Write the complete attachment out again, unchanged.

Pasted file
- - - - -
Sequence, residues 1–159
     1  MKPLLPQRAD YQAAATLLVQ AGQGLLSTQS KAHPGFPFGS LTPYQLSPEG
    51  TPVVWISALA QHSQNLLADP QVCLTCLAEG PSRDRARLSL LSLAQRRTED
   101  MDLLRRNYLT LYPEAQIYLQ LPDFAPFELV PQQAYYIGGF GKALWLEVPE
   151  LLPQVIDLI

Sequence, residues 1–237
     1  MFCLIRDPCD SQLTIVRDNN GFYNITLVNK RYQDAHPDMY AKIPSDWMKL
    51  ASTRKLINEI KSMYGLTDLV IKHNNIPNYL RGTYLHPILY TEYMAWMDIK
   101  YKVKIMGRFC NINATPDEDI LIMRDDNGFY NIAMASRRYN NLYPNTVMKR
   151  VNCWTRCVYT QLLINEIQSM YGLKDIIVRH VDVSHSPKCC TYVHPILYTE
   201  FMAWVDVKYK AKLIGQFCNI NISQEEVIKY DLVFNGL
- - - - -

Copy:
Sequence, residues 1–159
     1  MKPLLPQRAD YQAAATLLVQ AGQGLLSTQS KAHPGFPFGS LTPYQLSPEG
    51  TPVVWISALA QHSQNLLADP QVCLTCLAEG PSRDRARLSL LSLAQRRTED
   101  MDLLRRNYLT LYPEAQIYLQ LPDFAPFELV PQQAYYIGGF GKALWLEVPE
   151  LLPQVIDLI

Sequence, residues 1–237
     1  MFCLIRDPCD SQLTIVRDNN GFYNITLVNK RYQDAHPDMY AKIPSDWMKL
    51  ASTRKLINEI KSMYGLTDLV IKHNNIPNYL RGTYLHPILY TEYMAWMDIK
   101  YKVKIMGRFC NINATPDEDI LIMRDDNGFY NIAMASRRYN NLYPNTVMKR
   151  VNCWTRCVYT QLLINEIQSM YGLKDIIVRH VDVSHSPKCC TYVHPILYTE
   201  FMAWVDVKYK AKLIGQFCNI NISQEEVIKY DLVFNGL